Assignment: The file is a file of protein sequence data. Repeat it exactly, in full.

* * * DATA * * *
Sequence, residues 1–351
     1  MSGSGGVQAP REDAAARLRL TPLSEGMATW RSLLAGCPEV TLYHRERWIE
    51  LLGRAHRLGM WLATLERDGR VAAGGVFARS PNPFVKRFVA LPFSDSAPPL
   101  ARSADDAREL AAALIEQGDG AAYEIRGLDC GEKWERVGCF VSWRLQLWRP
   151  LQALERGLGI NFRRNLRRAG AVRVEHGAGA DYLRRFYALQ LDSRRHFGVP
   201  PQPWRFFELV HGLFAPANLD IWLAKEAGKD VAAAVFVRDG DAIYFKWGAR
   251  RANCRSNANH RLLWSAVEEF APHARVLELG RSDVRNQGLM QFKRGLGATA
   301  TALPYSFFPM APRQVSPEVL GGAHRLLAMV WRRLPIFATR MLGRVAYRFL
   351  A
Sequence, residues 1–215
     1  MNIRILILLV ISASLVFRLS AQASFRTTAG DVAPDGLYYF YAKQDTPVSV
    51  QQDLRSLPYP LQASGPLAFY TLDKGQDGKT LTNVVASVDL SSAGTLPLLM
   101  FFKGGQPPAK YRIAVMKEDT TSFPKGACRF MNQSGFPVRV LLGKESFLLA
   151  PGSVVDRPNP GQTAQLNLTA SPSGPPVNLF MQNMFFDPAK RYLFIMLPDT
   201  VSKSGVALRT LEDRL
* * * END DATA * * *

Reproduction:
Sequence, residues 1–351
     1  MSGSGGVQAP REDAAARLRL TPLSEGMATW RSLLAGCPEV TLYHRERWIE
    51  LLGRAHRLGM WLATLERDGR VAAGGVFARS PNPFVKRFVA LPFSDSAPPL
   101  ARSADDAREL AAALIEQGDG AAYEIRGLDC GEKWERVGCF VSWRLQLWRP
   151  LQALERGLGI NFRRNLRRAG AVRVEHGAGA DYLRRFYALQ LDSRRHFGVP
   201  PQPWRFFELV HGLFAPANLD IWLAKEAGKD VAAAVFVRDG DAIYFKWGAR
   251  RANCRSNANH RLLWSAVEEF APHARVLELG RSDVRNQGLM QFKRGLGATA
   301  TALPYSFFPM APRQVSPEVL GGAHRLLAMV WRRLPIFATR MLGRVAYRFL
   351  A
Sequence, residues 1–215
     1  MNIRILILLV ISASLVFRLS AQASFRTTAG DVAPDGLYYF YAKQDTPVSV
    51  QQDLRSLPYP LQASGPLAFY TLDKGQDGKT LTNVVASVDL SSAGTLPLLM
   101  FFKGGQPPAK YRIAVMKEDT TSFPKGACRF MNQSGFPVRV LLGKESFLLA
   151  PGSVVDRPNP GQTAQLNLTA SPSGPPVNLF MQNMFFDPAK RYLFIMLPDT
   201  VSKSGVALRT LEDRL